Video Jam Profile: Seeing things

Polly Checkland Harding
Photo of a silver painted woman performing in front of the image of a moon

Video Jam pair live music with short films – with very unexpected results.

Truth: horror movies are so much tamer on mute. Sound is used as cue for reactions, a way of telling the viewer that the scene, whether it appears threatening or not, is about to turn on them. Take the brilliantly twisted family film We Need to Talk about Kevin. Using a contrapuntal soundtrack – that lovely, contrary-sounding film technique where a scene is matched to music emotionally dissonant with it – director Lynne Ramsey makes otherwise harmless-looking children in Halloween costumes appear truly sinister. Sound is used as a way of altering our perception, and expectations, of what we’re seeing. It’s rare, then, that such a powerful tool passes beyond the control of a film’s creator.

Sound is used as a way of altering our perception, and expectations

Step forward film curators, sound makers and event producers, Video Jam. By pairing filmmakers with sound artists in “blind collaborations”, Video Jam explores the relationship between sound and moving image. “Our aim is not to discover a ‘right’ and ‘wrong’ soundtrack for a film,” explains Video Jam’s, Sarah Hill, “or even to think of things in terms of ‘successful’, but to dismantle all the conventions audiences have become accustomed to.” Their approach has produced startling results: at an event at Manchester Art Gallery, in response to Jeremy Deller’s recent exhibition there, you would have seen eccentric boy/girl due Bernard + Edith play live to Dream Machine, Sarah Hill’s own short documentary on electronic composer Delia Derbyshire. “Our interest in combining film and sound is to explore the experience as a live, unique event; something beyond cinema with a synced soundtrack, and beyond a gig, but retaining the thought-provoking intensity and electric atmosphere of both,” says Hill.

Past events, including a residency in Ibiza, their own stage at Salford’s Sounds From the Other City and a performance at Islington Mill as part of Fat Out Fest, have drawn in impressive audiences. And now, Video Jam are returning to Manchester Art Gallery as part of the free Thursday Lates series: the evening will be in response to artist Ryan Gander’s Make every show like it’s your last. In preparation, the Video Jam team have narrowed down their submissions to a wishlist of films and musical acts, and will shortly spend a day matching them up. Musicians such as Denis Jones, The Hipshakes, Rainer Veil and the Liverpool-based a.P.A.t.T Orchestra perform live to films from Louise Adkins, Adam Scovell, Nick Barnes and more. The results will be playful, unpredictable and provocative, much like Gander’s own work.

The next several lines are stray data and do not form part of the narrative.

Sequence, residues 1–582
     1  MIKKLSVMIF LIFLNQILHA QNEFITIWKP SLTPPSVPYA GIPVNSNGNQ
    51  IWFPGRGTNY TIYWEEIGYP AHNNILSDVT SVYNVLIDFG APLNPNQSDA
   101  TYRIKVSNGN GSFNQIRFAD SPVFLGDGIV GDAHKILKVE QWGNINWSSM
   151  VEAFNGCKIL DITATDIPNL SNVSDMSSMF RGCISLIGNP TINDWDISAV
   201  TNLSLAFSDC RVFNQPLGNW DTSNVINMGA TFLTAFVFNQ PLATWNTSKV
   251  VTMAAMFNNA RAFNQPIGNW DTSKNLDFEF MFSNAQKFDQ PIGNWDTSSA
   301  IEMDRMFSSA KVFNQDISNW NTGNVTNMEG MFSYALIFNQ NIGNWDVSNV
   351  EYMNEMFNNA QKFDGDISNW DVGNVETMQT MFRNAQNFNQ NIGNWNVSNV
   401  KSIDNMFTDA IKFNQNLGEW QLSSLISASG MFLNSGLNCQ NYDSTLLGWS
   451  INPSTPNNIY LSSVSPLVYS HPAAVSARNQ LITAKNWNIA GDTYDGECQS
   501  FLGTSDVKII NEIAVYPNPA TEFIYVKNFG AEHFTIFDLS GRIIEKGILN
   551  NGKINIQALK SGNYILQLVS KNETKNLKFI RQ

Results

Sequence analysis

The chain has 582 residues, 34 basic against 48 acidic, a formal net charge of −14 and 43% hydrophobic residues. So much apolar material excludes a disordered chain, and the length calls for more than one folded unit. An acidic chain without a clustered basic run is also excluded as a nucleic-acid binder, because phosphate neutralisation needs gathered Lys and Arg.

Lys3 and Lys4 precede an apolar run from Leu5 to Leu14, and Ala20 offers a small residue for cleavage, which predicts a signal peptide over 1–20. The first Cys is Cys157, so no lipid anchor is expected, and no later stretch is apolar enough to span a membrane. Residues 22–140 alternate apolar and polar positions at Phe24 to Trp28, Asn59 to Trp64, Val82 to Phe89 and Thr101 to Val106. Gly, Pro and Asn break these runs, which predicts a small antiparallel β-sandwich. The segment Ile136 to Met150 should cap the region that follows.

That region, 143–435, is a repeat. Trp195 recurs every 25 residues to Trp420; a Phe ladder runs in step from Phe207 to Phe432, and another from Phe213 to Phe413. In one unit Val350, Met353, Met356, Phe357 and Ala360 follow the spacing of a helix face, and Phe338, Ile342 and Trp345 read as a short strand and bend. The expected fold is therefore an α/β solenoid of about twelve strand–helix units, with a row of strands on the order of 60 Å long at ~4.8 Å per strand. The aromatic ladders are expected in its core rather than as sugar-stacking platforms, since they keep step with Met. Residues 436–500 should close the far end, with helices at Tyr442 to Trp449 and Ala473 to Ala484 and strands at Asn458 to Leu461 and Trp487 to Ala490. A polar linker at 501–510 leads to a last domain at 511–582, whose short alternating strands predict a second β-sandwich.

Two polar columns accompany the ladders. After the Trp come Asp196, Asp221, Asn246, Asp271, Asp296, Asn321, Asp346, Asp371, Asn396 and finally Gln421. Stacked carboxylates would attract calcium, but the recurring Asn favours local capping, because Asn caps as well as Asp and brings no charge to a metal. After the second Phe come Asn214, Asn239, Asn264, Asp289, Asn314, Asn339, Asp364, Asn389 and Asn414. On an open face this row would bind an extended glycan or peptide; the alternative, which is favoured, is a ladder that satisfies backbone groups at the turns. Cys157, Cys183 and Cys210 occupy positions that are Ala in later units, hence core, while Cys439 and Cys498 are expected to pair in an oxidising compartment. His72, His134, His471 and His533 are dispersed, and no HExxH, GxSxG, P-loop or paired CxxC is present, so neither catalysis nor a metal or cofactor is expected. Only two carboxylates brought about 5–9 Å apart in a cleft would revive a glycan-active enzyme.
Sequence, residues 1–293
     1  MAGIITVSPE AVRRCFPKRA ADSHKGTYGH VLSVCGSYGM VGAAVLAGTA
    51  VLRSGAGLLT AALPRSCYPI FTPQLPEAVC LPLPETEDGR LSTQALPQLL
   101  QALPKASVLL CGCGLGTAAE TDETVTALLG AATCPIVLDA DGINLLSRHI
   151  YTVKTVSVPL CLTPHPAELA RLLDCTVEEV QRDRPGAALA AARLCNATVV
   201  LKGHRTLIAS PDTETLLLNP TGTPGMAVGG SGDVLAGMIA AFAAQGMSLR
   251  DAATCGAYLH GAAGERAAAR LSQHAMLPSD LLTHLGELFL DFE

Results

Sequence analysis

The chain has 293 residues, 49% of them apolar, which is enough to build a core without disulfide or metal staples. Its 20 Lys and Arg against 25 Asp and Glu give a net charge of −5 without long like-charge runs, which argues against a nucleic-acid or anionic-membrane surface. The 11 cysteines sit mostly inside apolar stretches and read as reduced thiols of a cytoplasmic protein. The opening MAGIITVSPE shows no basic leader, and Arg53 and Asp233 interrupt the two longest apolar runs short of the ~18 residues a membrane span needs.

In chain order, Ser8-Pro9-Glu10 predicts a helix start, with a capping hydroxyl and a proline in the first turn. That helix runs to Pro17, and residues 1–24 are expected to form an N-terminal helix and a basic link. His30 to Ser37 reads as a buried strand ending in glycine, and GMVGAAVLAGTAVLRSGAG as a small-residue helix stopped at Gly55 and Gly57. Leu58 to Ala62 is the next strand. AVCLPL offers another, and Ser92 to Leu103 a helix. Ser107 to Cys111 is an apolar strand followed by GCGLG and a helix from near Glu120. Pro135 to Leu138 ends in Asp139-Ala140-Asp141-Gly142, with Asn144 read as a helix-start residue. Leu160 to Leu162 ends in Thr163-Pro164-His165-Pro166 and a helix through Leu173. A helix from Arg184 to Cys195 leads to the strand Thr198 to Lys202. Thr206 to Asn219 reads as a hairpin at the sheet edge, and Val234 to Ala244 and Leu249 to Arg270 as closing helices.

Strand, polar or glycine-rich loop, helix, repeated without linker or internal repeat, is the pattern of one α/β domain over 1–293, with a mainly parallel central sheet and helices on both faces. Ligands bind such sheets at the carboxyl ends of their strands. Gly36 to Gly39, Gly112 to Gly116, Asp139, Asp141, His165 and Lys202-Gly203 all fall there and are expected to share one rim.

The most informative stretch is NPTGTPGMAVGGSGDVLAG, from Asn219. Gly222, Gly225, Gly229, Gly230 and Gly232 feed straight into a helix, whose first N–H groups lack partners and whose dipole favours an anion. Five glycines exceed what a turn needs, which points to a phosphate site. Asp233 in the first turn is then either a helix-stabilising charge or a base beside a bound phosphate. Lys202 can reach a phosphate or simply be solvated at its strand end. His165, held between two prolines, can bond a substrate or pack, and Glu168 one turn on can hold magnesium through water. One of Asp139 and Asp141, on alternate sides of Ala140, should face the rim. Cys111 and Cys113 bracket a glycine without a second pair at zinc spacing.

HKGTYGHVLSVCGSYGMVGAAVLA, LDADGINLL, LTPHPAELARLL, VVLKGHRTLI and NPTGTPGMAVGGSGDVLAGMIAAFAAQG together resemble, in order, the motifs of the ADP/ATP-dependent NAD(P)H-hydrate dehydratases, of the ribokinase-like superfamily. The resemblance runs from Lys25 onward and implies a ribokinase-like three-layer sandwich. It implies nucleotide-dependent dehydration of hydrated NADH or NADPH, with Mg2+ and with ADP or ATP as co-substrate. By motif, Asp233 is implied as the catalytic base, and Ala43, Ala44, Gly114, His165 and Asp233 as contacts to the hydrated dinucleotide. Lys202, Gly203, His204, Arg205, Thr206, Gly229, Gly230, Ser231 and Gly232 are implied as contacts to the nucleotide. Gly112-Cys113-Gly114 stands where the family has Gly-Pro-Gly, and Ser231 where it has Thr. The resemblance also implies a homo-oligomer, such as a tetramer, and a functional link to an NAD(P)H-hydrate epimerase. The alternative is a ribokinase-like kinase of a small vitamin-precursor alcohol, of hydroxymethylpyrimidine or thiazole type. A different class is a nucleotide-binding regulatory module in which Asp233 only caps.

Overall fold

With their first ever national tour in the pipe line, taking in Leeds, London, Manchester and Liverpool this November, Video Jam seem to be on the up. They continue to question received connections between video and sound in a way that celebrates “chance encounters, happy accidents and improvisation,” says Hill. Head to one of their events and, like the shock moment in a movie, they just might surprise you.

Culture Guides

Cinema

Indian independent cinema, shadowy film noir, cult queer classics and trip under the sea. Film fans are spoilt for choice this month.

Exhibitions in Manchester and across the North

Exhibitions

Like the 58th Venice Biennale which opened earlier this May, our latest pick of exhibitions across the north also has a strong ecological bent.

RNCM Young Explorers event. DJ Switch is shown by turntables in front of an orchestra. Included in family things to do guide.

Families

Avoid the post summer holiday blues with our latest top picks of family things to do. Enjoy some quality family time together this autumn.

Artist Dan Berry and writer David Gaffney.

Literature

The books are back in September with one-off reading events, some much-anticipated launches and the return of the Northern Lights Writers’ Conference as we gear up for Manchester Literature Festival in October.

Music

Manchester’s Autumn months are always chock-a-block with great gigs, and this year is no exception.

Theatre in Manchester

Theatre

The English National Ballet, Emma Rice’s Wise Children, Liverpool’s LEAP Dance Festival and much more feature in our new theatre guide.

Food and Drink in Manchester and the North

Discover the best food and drink that the North has to offer in our expert guide to food and drink in Manchester and beyond.

Tours and Activities

Tours and Activities

Explore the mindful tours and activities Manchester has to offer in this month’s Tours and Activities guide.

Things to do right now

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Cinema 15–18 September 2019, from £5.50

MIF19: Sunset Boulevard at HOME

Visual Arts 20 September 2018–19 September 2019, FREE

Manchester Art Gallery Highlights Tour

Red Dust Road at HOME
Literature 11–21 September 2019, from £10.00

Red Dust Road at HOME

A Taste of Honey at The Lowry
Theatre 13–21 September 2019, from £12.50

A Taste of Honey at The Lowry

Cinema 13–22 September 2019, from £9

The Shock of the Future at HOME

MIF19 David Lynch at HOME Manchester International Festival
Cinema 6 July–29 September 2019, FREE

MIF19: David Lynch at HOME

Exhibitions 6 April–29 September 2019, Quarry Bank admission prices apply (free for National Trust members)

Rights of the Child at Quarry Bank